WiFi Direct potentially includes two useful options: Finding Devices (WiFi Direct Discovery Device) and Finding Services (Service Discovery). Devices do not know by default what devices are around them, but if the developers have enabled this, your device knows what devices are nearby and what each one does. For example, if you want to display an image or movie, you will only see devices that can display images, or if you’re going to print an image, you will only see printers or devices connected to printers. Discovering the devices that work for you can happen before a connection is made not to waste time connecting to the wrong device.

Companies and support for WiFi Direct

The first major company to support WiFi Direct was Intel, which introduced a new standard for the Centrino 2 platform in 2008. Two years later, other big players in the networking industry followed Intel; Marvel, Ralink, Broadcom, RailTech, and Atros launched the first Direct WiFi products in 2010. Your computer’s WiFi card is probably made by one of these big manufacturers, and most likely your modern PC or laptop supports WiFi Direct. Microsoft has supported this standard since Windows 8, and all versions of Windows 10 are equipped with Direct WiFi. The first Xbox to support WiFi Direct was the Xbox One, released in 2013.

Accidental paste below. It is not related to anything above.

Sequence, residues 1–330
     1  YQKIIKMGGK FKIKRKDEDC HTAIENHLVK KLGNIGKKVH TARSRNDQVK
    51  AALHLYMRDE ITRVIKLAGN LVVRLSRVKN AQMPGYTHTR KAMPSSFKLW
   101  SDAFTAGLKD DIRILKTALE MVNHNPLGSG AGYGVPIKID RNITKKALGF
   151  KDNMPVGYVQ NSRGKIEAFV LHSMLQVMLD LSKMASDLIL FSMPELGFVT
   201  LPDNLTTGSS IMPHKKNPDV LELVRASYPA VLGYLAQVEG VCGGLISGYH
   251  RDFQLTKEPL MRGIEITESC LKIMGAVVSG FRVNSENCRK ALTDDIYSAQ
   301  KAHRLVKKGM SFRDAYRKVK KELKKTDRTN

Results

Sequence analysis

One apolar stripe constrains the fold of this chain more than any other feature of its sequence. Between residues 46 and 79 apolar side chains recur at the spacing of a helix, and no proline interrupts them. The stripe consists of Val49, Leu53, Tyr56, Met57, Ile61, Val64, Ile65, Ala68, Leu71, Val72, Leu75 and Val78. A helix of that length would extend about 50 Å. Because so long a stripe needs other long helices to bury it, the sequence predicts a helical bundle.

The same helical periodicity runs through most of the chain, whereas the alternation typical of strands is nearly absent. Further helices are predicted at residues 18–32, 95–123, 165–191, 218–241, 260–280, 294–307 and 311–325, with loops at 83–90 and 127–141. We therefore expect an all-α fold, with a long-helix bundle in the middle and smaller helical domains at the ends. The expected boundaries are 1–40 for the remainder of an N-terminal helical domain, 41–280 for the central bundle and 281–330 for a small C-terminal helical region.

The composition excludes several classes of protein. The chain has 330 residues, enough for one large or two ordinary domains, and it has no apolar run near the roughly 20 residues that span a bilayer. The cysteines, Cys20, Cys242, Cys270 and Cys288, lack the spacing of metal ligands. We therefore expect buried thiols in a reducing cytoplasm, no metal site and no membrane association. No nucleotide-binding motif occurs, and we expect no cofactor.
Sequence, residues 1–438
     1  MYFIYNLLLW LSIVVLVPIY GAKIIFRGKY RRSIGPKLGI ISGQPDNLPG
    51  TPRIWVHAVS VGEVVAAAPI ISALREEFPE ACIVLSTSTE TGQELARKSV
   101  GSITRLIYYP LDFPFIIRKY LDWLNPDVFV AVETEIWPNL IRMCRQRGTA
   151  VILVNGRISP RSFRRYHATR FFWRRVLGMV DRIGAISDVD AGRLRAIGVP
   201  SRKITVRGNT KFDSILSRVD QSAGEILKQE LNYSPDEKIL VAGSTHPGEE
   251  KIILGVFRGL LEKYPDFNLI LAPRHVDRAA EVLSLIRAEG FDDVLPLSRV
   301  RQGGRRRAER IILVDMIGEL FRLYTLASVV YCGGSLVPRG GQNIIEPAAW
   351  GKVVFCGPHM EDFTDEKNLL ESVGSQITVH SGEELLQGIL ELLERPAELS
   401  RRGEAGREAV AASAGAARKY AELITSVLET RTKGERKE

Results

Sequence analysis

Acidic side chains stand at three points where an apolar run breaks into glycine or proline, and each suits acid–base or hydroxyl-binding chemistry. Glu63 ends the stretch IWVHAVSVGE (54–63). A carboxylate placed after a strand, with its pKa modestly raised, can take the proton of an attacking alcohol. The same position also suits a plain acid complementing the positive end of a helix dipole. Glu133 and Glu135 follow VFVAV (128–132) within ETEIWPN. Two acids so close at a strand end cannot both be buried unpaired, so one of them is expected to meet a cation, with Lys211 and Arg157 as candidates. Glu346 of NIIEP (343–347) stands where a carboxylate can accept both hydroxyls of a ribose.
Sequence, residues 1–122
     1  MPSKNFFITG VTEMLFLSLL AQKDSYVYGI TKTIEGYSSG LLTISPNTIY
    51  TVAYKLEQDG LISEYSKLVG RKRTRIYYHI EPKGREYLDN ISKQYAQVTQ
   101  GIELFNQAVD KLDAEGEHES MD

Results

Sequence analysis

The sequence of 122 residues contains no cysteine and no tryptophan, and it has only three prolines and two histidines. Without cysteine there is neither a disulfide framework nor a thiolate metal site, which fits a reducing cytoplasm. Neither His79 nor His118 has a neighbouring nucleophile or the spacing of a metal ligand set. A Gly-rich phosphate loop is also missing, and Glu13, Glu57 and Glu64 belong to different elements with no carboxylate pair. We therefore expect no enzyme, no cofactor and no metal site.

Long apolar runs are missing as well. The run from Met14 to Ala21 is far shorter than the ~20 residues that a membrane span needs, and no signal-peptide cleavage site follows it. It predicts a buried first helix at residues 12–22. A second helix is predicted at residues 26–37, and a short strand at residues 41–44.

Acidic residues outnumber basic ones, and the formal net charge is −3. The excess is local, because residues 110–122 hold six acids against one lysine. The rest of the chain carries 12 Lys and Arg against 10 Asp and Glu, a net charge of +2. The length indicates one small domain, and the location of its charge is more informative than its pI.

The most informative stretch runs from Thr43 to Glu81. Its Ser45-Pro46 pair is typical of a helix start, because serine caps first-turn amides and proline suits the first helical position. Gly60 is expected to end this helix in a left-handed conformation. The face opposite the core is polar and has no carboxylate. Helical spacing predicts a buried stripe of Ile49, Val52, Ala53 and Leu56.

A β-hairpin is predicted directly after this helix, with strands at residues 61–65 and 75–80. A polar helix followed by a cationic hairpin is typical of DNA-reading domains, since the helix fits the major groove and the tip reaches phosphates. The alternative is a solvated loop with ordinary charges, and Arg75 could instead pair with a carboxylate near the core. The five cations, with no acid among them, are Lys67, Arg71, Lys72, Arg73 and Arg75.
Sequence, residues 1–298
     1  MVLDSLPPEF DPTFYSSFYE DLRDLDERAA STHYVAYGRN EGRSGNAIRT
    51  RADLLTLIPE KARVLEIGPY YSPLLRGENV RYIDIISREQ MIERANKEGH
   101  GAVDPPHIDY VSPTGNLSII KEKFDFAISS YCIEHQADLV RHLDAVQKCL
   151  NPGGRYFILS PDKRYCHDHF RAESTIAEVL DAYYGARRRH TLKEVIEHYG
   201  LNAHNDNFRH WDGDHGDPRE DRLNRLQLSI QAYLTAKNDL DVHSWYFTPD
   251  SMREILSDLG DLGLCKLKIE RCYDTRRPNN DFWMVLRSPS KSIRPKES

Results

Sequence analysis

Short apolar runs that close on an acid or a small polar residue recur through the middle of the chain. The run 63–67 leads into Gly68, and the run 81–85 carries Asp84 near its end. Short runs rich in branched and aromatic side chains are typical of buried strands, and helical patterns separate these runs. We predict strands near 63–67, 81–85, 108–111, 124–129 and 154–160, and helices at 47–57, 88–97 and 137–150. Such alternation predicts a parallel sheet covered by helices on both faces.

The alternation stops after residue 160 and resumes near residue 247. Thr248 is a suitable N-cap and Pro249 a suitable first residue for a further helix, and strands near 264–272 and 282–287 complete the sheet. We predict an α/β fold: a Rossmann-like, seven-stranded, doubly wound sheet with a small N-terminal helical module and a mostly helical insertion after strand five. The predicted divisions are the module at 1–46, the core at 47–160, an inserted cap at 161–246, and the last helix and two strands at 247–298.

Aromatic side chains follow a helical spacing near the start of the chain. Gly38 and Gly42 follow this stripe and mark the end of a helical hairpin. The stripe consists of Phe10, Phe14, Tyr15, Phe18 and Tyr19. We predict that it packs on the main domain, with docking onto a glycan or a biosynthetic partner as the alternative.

In the world of mobile phones, Google introduced WiFi direct support in Android 2.3. Apple iPhones have supported WiFi since iOS 7 with various titles such as AirDrop or AirPlay. There are many other devices, such as headphones and wireless printers, that support this feature. Most smart TVs use Direct WiFi in a different way with the help of a feature called Miracast, which is a wireless standard based on Direct WiFi.

How to make direct WiFi connections is different in different devices. As mentioned, some devices scan the QR code to start the connection. In some cases, you need to enter a PIN code and, in some devices, you have to press a physical button. As security issues become more important, more and more devices are incorporating these techniques, and a small number of devices are automatically connected.